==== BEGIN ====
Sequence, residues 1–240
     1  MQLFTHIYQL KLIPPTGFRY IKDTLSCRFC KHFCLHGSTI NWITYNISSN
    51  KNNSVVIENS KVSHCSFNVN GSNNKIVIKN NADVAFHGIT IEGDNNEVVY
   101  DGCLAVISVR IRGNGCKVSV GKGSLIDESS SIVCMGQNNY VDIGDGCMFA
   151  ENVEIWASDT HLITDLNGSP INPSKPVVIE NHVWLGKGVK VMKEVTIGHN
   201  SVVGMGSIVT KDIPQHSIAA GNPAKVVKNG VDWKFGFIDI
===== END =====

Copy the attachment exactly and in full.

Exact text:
Sequence, residues 1–240
     1  MQLFTHIYQL KLIPPTGFRY IKDTLSCRFC KHFCLHGSTI NWITYNISSN
    51  KNNSVVIENS KVSHCSFNVN GSNNKIVIKN NADVAFHGIT IEGDNNEVVY
   101  DGCLAVISVR IRGNGCKVSV GKGSLIDESS SIVCMGQNNY VDIGDGCMFA
   151  ENVEIWASDT HLITDLNGSP INPSKPVVIE NHVWLGKGVK VMKEVTIGHN
   201  SVVGMGSIVT KDIPQHSIAA GNPAKVVKNG VDWKFGFIDI